Employment Verification Best Practices: Verifying the Employment History of a Temporary Worker
Have you ever wondered how you can improve the turnaround time for your background reports? Onboarding can be a difficult and expensive process. You cannot afford a delay in the completion of the background check. Unfortunately, your candidates may be overlooking a minor but important detail that could be negatively impacting your organization’s turnaround time for your background reports. This detail could be making you less competitive and creating a frustrating, inefficient onboarding process for you and your candidates. The detail they are missing: failing to provide the name of the staffing agency with which they were employed.
The Proliferation of Contract and Temporary Work
Temporary hiring has become a permanent fixture in today’s labor market. A quarterly survey conducted by the American Staffing Association found that “U.S. staffing companies employed an average of 3.13 million temporary and contract workers per week in the first quarter of 2015, up 5.5% from the same period in 2014.” Additionally, according to a recent CareerBuilder study, “nearly half (46 percent) of employers reported that they plan to hire temporary or contract workers this year, an increase of 4 percentage points over last year.” What this means is that employers can expect to see more candidates with temporary work history applying for positions at their organization. Therefore, what are the implications for employers when attempting to verify the job history of a temporary worker?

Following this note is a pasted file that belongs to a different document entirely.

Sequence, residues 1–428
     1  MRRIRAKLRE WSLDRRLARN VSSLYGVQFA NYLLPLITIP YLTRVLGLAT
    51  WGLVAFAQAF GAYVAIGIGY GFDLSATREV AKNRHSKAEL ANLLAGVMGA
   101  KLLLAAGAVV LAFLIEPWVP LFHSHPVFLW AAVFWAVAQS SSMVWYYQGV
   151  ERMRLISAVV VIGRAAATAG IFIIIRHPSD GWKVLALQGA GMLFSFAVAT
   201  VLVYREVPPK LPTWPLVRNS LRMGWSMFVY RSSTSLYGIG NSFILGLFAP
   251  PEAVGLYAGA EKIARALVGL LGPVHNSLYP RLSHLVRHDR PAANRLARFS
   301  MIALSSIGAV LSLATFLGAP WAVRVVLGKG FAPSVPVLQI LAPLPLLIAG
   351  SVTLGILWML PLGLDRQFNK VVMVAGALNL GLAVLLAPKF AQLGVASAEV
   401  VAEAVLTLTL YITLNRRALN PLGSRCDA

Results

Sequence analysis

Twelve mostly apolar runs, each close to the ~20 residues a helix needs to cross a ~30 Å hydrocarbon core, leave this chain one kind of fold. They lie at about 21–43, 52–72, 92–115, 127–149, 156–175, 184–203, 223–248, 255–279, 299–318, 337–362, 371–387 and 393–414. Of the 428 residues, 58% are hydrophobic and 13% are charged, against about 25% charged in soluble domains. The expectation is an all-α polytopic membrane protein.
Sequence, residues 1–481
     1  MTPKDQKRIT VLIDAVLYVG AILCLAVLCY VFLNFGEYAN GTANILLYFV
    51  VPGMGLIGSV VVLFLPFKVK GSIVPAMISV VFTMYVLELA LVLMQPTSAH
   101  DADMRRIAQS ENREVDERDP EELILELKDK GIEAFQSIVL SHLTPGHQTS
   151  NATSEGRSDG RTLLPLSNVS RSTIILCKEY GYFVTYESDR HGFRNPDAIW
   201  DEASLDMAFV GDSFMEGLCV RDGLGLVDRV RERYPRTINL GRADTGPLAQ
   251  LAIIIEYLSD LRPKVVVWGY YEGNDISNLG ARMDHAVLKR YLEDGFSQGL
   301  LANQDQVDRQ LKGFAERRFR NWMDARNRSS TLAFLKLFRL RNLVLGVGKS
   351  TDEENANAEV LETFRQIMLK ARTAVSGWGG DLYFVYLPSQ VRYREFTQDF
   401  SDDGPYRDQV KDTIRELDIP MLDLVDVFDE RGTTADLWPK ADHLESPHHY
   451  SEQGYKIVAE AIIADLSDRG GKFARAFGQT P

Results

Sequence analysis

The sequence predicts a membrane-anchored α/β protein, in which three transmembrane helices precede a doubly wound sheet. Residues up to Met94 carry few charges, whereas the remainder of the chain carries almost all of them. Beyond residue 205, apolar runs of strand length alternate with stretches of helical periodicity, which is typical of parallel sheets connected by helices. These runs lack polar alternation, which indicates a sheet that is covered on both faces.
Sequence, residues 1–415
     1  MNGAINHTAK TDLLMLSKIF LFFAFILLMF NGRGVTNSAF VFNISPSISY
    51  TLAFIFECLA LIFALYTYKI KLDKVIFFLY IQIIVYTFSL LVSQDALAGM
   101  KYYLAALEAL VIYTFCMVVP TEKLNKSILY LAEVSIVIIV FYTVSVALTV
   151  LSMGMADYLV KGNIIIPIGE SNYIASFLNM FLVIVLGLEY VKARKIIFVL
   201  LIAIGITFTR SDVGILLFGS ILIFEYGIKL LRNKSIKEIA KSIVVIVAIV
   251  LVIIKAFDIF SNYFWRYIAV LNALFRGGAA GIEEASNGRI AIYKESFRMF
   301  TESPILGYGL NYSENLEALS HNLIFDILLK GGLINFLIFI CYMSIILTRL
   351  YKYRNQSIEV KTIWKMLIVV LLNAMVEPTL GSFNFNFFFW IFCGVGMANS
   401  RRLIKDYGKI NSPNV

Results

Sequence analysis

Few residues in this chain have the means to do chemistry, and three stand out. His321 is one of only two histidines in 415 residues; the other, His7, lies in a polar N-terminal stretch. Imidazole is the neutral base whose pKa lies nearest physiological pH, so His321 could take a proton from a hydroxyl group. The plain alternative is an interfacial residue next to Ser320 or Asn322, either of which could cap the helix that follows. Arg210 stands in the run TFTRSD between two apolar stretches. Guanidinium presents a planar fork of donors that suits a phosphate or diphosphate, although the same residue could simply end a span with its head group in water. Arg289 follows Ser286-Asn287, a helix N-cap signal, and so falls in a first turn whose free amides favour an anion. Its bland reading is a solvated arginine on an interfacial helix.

Verifying the Employment History of a Temporary Worker
Generally speaking, temporary and contract employees are not on the host employer’s payroll. To verify the work history of a temporary candidate, employers must submit their request to the agency that employed the candidate. This is crucial, because you could waste valuable time trying to contact the host employer, leading to delays.
3 Ways to Avoid Delays in Temporary Work History Verifications
The following are a few best practices for verifying the work history of a temporary employee to avoid delays in the processing of your background report:
- Provide the name of the staffing agency. Temporary candidates typically are not on the host employer’s payroll. Therefore, to avoid delays, your temporary employee should provide you with the name of any and all staffing agencies that paid them.
- Review your employment application. It is a good practice to provide additional fields on your employment application specifically for listing agency or contract employment.
- Communicate with your candidate. To help make the onboarding process go smoothly, talk with your candidate beforehand about the background check process to prevent any surprises. Keeping them informed will help avoid confusion and prevent delays.
Temporary worker employment verifications can extend the background check process. As an employer, however, there are a few things you can control that can positively impact the turnaround time of your background check reports. As the diagram demonstrates, making a few changes to your process and improving communication with your candidates can make a big difference in reducing the total number of steps in the process. The end result: more hires in less time.
Editor’s Note: This article features contributions from Jaclyn Hale, Reference Investigator at PreCheck.